The quotable Sir Terence Conran commented, "I've never understood why some people say that complex patterns are sensible because they hide dirt. Personally, I prefer to see dirt so I know when to get rid of it." In my work, I've come across two distinct camps — those who prefer to deal with dirt, and those who prefer to disguise it. Which one are you in?The question has been on my mind lately, as I've noticed that many of my design clients assume that because I have kids, I will suggest materials that hide the maximum amount of dirt possible. Depending on the surface in question, I'm a flip-flopper, but for the most part, I'm with Conran. I like to know when something needs to be cleaned before it starts reeking. The key, as Conran suggests, seems to be picking quality materials that age well. Ones that look good — or even better — with a little patina of wear and tear. And, I would add, ones that can be cleaned effectively. Nix the upholstered white silk blend settee if you have a house full of puppies.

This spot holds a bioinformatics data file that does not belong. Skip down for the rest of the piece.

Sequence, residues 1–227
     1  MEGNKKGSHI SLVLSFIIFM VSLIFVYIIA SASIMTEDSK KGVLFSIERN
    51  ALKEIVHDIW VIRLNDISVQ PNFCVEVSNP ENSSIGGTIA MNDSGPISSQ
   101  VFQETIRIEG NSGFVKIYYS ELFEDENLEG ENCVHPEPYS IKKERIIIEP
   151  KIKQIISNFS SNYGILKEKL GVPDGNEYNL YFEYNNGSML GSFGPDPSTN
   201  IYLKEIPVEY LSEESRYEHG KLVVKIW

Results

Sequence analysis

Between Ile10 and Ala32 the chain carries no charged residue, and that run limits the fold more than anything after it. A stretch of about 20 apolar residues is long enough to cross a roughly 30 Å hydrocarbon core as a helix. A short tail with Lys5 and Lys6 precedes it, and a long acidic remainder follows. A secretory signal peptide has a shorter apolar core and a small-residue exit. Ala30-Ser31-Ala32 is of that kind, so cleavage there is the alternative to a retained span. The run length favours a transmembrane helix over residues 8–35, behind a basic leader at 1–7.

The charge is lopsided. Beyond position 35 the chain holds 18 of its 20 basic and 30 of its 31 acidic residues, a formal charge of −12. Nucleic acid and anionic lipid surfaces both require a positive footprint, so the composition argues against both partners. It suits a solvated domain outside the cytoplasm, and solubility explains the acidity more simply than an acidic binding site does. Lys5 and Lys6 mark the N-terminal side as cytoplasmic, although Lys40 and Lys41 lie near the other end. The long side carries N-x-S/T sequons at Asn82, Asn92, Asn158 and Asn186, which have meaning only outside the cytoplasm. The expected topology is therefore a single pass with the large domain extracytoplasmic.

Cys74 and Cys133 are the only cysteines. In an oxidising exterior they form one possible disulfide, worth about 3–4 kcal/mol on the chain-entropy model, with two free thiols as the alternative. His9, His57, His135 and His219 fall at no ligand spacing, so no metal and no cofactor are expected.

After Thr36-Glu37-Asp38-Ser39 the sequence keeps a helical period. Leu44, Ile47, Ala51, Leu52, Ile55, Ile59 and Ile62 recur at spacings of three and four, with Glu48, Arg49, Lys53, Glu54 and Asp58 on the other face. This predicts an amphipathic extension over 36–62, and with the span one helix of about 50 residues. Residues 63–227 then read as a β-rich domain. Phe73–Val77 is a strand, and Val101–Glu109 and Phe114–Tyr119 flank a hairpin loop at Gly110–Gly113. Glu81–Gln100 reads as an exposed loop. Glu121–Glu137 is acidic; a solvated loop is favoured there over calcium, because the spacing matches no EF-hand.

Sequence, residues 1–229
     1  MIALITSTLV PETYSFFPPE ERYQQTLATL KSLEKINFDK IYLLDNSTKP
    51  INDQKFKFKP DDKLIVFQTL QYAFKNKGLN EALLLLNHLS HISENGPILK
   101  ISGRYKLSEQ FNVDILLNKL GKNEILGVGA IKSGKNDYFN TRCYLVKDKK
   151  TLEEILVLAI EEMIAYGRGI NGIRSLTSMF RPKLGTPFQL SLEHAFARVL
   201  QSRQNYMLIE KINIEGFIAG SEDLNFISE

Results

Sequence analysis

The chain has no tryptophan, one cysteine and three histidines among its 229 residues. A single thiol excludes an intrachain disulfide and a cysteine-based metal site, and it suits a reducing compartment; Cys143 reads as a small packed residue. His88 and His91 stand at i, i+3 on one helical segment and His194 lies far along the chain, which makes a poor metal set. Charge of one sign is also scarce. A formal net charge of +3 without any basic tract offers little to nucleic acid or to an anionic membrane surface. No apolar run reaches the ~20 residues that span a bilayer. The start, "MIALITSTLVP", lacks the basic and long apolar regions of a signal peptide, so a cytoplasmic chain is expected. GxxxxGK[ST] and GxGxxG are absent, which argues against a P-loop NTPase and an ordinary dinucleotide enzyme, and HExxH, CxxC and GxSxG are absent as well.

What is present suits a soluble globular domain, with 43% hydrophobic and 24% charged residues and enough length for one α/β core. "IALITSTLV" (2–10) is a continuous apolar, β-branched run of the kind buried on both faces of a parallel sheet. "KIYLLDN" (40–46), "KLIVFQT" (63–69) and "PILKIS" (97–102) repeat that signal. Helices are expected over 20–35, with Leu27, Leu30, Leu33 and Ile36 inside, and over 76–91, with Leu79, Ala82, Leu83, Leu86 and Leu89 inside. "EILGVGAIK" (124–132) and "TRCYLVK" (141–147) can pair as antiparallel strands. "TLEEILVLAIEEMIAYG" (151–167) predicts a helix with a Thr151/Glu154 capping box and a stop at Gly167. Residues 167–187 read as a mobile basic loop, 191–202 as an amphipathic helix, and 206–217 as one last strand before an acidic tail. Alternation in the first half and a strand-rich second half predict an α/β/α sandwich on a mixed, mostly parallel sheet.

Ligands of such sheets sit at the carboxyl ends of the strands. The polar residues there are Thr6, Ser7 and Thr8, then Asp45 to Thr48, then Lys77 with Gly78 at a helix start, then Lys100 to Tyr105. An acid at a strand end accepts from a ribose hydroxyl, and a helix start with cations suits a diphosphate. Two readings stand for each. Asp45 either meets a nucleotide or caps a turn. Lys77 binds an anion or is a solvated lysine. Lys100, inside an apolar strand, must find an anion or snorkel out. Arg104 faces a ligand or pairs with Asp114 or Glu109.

Recently, we tore up a berber carpet that literally swallowed dirt. We used to brag to friends to not worry about messing up the carpet with muddy shoes, because within minutes it would be gone. It was gone from sight, but man, when it was time to rip it up, I nearly threw up. Years and years worth of dirt is a nasty thing, my friends.
However, hard flooring is a different story. In our previous house, we installed dark wood floors, and every speck of dust showed. I became a sweeping maniac, but was still haunted by renegade dust bunnies that would somehow manage to show up as soon as I had put down the broom. It was maddening, and actually made it difficult for me to relax at home. The honey-colored and natural-stained flooring in our current house is a much more forgiving surface. It needs to be swept regularly, but it doesn't mock my efforts.
So, let's hear from you. Deal with dirt or disguise it?
PS – Ralph's house, pictured above, is definitely a "deal with" it space.